Tuesday, May 27, 2008

Ecommerce Defined

by: Jimmy Mayon

In its simplest terms, Ecommerce or E-commerce or eCommerce – how ever which way the word shows up, is an interchange of goods or commodities (products or services) that is very similar to any kind of commerce that exists. It differs from the other types of commerce such as foreign commerce and domestic commerce on only two attributes. One, ecommerce can be both accomplished on foreign and domestic scales; and two, it accommodates every kind of trader, from those trading in small, medium and large scale businesses, to those in micro businesses.

Foreign and domestic commerce both happens on a large scale basis. Foreign commerce is between different countries, while domestic commerce happens with business entities between different parts of the same country.

Ecommerce is a fusion of the words “electronic” and “commerce.” This basically means that all transactions happen over the electronic systems like the Internet or other computer networks - a good example of which is stock brokering, where most of the transactions from bidding to selling can happen via computer links inside and outside the stock markets.

The word “ecommerce” has existed way before the Internet, busting the idea that this type of commerce existed only on the onset of the World Wide Web. The fact is that the original ecommerce or electronically charged commerce was first introduced on the onset of commercial billings over the phone lines and the automation of teller machines. Therefore, any form of business transaction that happened using the wires – phone lines, telegraph line, machine based transactions, etc. – were once considered ecommerce. Even when the Internet became accessible to the public, the term “ecommerce” was not immediately associated with it. That is, not until the development of HTML processes where business transactions became viable as a form of trade.

Trading over the Internet has grown dramatically over these last few years, especially since there have been innovations when it comes to the different aspects of transactions. Advancements have been made in the field of automated data collection systems, automated inventory management systems, electronic data interchange (EDI,) electronic funds transfer, Internet marketing, online transaction processing, and supply chain management. Although almost all modern electronic commerce now uses the Internet as a vantage point of all transactions, other technologies are also put to use, such as e-mail marketing or “virtual” marketing.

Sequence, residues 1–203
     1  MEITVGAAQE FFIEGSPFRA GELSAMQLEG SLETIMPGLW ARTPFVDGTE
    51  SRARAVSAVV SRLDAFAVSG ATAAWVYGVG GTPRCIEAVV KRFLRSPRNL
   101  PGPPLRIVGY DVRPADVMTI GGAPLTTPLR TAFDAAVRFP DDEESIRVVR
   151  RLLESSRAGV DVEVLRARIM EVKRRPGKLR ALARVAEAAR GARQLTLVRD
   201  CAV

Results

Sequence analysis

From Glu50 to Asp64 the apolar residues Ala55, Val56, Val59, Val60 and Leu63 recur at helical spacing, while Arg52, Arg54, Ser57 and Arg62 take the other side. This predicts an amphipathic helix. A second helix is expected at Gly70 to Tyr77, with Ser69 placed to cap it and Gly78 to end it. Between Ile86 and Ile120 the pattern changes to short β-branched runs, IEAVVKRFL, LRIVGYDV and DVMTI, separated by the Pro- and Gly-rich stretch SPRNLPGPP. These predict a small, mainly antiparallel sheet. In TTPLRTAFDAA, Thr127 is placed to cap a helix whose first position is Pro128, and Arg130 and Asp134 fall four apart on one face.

This sudden boom in ecommerce has apparently given the global vocabulary two new words that are now coming into active play. These are references to online retailers (e-tailers / etailers / Etailers / E-tailers) and online retail (e-tail / etail / Etail / E-tail.) Therefore, ecommerce is generally considered to be the sales aspect of any e-business / ebusiness / Ebusiness / E-business.

There are many forms of ecommerce in the contemporary world, everything from ordering “digital” content for immediate online consumption, to downloading postal stamps for printing, to ordering conventional goods and services for home delivery, to “meta” services to facilitate other types of ecommerce. In some cases, ecommerce companies tend to survive because they offer services not usually associated with many other businesses not web-based. These services are often customer related (people based services) and / or those that offer technical assistance.

With some ecommerce companies, however, organizational assistance to individual companies is being offered. These services include the completion of network infrastructure, post sales services, staging a competent management team, staging a well-organized business structure, staging a well designed but secured website.

Staging a well designed and secured website is know generally known as web development.

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